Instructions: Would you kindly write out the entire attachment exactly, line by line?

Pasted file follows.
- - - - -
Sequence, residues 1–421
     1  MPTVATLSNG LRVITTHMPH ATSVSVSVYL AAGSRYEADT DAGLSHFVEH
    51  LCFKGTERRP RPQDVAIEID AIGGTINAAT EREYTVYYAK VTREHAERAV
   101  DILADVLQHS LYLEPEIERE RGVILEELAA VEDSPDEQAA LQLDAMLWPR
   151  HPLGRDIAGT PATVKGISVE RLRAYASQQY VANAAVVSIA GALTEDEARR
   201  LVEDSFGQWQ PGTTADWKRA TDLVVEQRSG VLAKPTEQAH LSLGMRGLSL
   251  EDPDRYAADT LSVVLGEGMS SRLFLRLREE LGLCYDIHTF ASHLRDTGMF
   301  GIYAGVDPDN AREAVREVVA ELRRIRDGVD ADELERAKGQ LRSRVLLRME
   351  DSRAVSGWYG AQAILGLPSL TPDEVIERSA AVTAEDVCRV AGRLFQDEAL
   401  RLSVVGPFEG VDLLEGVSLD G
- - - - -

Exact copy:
Sequence, residues 1–421
     1  MPTVATLSNG LRVITTHMPH ATSVSVSVYL AAGSRYEADT DAGLSHFVEH
    51  LCFKGTERRP RPQDVAIEID AIGGTINAAT EREYTVYYAK VTREHAERAV
   101  DILADVLQHS LYLEPEIERE RGVILEELAA VEDSPDEQAA LQLDAMLWPR
   151  HPLGRDIAGT PATVKGISVE RLRAYASQQY VANAAVVSIA GALTEDEARR
   201  LVEDSFGQWQ PGTTADWKRA TDLVVEQRSG VLAKPTEQAH LSLGMRGLSL
   251  EDPDRYAADT LSVVLGEGMS SRLFLRLREE LGLCYDIHTF ASHLRDTGMF
   301  GIYAGVDPDN AREAVREVVA ELRRIRDGVD ADELERAKGQ LRSRVLLRME
   351  DSRAVSGWYG AQAILGLPSL TPDEVIERSA AVTAEDVCRV AGRLFQDEAL
   401  RLSVVGPFEG VDLLEGVSLD G